Date & Time: Tuesday 13 June 2023 15:30−17:00
Place: Mid-sized Conference Room, 3 Floor, Inamori Building
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This talk draws on the experience of Indonesia to challenge the globally-circulating transition narrative according to which rural people move to cities as their economies stagnate, and dynamic corporations take over agricultural production. In Indonesia this narrative pivots on the “myth of the lazy native” that presents small-scale farmers as unproductive, hence corporations are needed to get the job done. Counter to this myth, Indonesia’s small-scale farmers producing for global markets have shown great dynamism; it is plantation corporations that generate dead zones of economic stagnation, ecological reduction, and rights abuse.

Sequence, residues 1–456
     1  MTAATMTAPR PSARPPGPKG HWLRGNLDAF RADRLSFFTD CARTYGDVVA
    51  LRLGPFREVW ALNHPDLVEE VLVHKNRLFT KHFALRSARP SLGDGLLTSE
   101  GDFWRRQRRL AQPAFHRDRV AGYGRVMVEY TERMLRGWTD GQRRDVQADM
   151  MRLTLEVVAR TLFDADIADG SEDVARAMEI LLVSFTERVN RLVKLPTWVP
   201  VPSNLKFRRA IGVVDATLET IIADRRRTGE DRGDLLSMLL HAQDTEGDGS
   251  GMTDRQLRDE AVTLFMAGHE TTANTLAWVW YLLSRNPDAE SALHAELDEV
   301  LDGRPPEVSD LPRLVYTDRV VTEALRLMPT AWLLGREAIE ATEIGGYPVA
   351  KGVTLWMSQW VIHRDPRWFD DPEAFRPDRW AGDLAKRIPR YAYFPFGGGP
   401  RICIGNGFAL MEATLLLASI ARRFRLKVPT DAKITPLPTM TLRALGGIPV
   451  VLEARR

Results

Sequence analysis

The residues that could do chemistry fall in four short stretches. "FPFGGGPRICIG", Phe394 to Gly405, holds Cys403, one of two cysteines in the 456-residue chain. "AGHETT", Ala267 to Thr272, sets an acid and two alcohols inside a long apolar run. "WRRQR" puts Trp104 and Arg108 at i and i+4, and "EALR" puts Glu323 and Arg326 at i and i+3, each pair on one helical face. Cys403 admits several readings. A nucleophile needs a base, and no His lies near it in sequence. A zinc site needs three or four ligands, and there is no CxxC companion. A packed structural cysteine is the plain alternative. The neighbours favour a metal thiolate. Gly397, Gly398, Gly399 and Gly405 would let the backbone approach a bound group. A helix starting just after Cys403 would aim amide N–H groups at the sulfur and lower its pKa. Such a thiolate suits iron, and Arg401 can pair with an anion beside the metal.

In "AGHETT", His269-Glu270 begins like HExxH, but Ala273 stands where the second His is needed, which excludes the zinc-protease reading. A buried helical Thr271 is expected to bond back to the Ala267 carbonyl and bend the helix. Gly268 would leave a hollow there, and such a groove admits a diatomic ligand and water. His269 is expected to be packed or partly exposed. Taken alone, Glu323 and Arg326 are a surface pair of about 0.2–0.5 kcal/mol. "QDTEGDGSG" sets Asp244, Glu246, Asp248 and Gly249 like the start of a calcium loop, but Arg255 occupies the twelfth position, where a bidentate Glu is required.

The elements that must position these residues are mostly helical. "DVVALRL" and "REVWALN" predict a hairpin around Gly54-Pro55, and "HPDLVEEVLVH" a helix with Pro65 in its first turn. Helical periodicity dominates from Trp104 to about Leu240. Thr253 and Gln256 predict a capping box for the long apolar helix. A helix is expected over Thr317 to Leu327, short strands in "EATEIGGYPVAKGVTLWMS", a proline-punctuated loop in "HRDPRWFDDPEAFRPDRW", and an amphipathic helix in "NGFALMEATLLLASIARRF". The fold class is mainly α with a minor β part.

Tania Murray Li is Professor of Anthropology at the University of Toronto and Research Fellow at the Center for Southeast Asian Studies, Kyoto University. Her research focuses on land, labour, class, capitalism, development, resources and indigeneity with a particular focus on Indonesia. Her latest book Plantation Life: Corporate Occupation of Indonesia’s Oil Palm Zone (Duke University Press, 2021) is co-authored with Pujo Semedi (Universitas Gadjah Mada)
Contact: Noboru Ishikawa (CSEAS) ishikawa[at]cseas.kyoto-u.ac.jp